Obviously not, I used Krause, a Dutch one, British ones, French, German new ones and old ones and when you have one it is easy, when you have so many as I used you have lots of wrong information, numbers that were minted, weight size, etc. etc., now weight and size is easy to fix, I could just check them, but production numbers Means lots of emails to the British, to the government of India, or to Myanmar.

Do you own all the coins you have listed?

No I do not, there is a Square coin from jersey that was made in 1980, even though it is dated from 1981 it was made of copper nickel, about 200.000 for circulation and 10.000 in silver and 5.000 in gold, I do not have the gold coin, I do however, have the silver one and it is very nice, but I do not have enough Money to buy the gold version.

How long did it take you to get all of them?

Well, I think that 98 % was collected in 3 years, but the last 2 % took about 10 years, some coins are extremely rare due to circumstances. I remember that the 20 Baisa from Oman made for the Dhofar province made only 35.000 pieces, was very hard to get. It took me years to find one and that was a bit above the budget, just before the show I looked at Krause and they still have a wrong listing for it, and they write that a proof value is about 14 US dollars, I also checked on eBay and right now there is one for sale for 500 US Dollars. I bought mine for about 80 Dollars and felt that was very expensive, the other Baisa coins from Oman 2 and 20 Baisa from an online market place in china for less than 3 dollars, but right now a nice 2 Baisa would cost at least 20 US Dollars on eBay if nobody else would bid.

Another very hard to get coin was the 20frank gold gilded charity coin from the town of Gent in Belgium about 1000 were made and they are not that hard to find every 2 to 3 years there will be one for sale either on an online auction or at an auction house, now I of course knew that if I had to bid against other people I would very likely lose, simply because of lack of Money. so what I did was come up with all possible spelling mistakes that one could make for the 20 Frank coin and put that in as search terms for EBay and after about 5 years I got an email from eBay that somebody was selling a 20 “flank” and I kept an eye on the coin and bid in the last minute and got it for the minimum Price, but like I told you, it took about 5 years to find it.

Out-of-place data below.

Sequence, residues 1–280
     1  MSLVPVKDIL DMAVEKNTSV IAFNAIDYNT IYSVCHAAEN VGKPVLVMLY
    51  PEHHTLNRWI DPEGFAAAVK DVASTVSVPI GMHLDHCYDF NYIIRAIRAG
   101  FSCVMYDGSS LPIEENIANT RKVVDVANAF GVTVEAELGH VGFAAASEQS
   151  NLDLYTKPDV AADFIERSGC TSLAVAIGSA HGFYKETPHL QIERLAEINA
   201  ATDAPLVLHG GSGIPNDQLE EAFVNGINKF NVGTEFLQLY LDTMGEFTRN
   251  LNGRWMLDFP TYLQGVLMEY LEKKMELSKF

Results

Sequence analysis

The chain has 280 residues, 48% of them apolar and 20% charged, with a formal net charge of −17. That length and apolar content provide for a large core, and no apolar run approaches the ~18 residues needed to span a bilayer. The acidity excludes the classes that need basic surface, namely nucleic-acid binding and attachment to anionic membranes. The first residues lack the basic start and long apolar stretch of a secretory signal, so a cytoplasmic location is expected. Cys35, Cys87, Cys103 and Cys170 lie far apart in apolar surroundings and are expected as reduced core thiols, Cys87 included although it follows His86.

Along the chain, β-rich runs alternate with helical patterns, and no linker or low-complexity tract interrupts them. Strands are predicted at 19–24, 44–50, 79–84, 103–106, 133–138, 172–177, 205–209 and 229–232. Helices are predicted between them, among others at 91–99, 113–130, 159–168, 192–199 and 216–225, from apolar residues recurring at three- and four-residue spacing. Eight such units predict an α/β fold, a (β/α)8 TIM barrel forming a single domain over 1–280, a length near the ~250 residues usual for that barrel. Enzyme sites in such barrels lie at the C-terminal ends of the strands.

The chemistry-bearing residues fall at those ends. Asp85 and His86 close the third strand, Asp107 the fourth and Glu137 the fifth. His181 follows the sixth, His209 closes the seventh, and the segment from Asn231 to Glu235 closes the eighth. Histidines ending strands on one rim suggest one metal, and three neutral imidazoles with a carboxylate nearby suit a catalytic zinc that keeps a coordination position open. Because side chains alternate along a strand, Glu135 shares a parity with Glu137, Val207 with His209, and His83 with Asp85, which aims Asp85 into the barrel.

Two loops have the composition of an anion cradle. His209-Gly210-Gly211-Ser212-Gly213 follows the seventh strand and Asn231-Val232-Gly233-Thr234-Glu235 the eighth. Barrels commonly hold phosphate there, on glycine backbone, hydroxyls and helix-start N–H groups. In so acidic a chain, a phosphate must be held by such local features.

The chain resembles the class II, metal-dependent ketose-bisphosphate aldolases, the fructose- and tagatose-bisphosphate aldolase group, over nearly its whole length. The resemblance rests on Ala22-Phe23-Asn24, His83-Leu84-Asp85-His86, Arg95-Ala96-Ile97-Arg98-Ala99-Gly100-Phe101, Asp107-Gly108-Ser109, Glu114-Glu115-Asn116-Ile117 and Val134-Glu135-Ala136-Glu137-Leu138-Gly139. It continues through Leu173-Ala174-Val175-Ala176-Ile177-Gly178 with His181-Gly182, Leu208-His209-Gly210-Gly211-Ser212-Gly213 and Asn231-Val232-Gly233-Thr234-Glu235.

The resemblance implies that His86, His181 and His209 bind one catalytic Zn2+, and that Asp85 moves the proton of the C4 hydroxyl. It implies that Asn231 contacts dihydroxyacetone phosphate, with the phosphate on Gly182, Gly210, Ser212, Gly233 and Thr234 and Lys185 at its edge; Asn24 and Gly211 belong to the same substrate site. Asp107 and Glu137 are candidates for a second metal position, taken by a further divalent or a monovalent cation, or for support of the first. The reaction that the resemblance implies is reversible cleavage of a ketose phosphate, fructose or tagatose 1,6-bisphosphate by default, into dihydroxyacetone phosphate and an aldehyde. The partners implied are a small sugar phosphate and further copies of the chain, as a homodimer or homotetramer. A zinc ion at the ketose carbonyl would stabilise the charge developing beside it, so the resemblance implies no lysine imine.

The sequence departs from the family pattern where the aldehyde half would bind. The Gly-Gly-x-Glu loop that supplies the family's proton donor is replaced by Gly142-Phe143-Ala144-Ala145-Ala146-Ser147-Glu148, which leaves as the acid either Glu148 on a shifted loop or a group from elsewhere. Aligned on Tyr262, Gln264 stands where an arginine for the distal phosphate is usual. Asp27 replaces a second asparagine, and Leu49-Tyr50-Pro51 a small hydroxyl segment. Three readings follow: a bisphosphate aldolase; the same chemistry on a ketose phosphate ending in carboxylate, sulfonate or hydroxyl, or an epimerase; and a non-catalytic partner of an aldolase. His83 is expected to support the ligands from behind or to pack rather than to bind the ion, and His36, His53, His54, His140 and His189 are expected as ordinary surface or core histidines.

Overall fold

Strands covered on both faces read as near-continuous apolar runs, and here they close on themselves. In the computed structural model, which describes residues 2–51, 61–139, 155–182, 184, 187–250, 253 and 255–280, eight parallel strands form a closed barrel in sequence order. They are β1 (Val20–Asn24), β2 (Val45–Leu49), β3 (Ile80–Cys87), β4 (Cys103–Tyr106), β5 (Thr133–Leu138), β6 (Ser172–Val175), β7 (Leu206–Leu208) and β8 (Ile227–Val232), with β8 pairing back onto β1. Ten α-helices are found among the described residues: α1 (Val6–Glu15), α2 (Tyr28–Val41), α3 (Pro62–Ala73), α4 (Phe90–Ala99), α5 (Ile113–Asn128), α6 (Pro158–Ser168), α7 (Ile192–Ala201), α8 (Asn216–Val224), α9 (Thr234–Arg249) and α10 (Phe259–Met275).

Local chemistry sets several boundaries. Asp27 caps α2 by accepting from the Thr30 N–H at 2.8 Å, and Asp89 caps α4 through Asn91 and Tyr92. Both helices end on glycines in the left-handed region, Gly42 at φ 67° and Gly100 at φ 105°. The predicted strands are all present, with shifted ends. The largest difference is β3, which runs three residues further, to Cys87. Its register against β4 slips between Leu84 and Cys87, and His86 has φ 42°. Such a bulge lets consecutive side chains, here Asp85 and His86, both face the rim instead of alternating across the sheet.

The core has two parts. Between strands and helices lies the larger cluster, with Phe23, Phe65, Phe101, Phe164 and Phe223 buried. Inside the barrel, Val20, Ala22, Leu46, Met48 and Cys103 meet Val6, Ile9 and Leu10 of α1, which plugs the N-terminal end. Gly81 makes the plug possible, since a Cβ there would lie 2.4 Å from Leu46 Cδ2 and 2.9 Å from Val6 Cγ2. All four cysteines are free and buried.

Which coin is your favorite?

There are several coins that I like more than others, to start with I like the 15 cent coins from the Bahamas, all 3 of them the design is made by Arnold Machin, and in my opinion one of the best engravers ever. I like the 1979 5 Poisha from Bangladesh, according to other catalogs this coin does not exist, but in my book I have a Photo I found this coin by writing to collectors from all over the World and one of them made me aware of this coin, it was the cooperation with Mr. Islam Shariful that got this coin known to the World, however you will still not find it in the Krause 2016 catalog. As they do use people outside Bangladesh to give them information about coins in Bangladesh. I really like the 10 rupee from Sri Lanka, it was my first silver coin. I still like the first Square coin I got from my parents for my birthday. Well I guess I pretty much like all my Square coins, as all of them have a story to tell.

Did anybody else write about this topic before?

No, not really, there is a book about Square coins from Northern Africa, but it is a different time period.

What were your biggest challenges?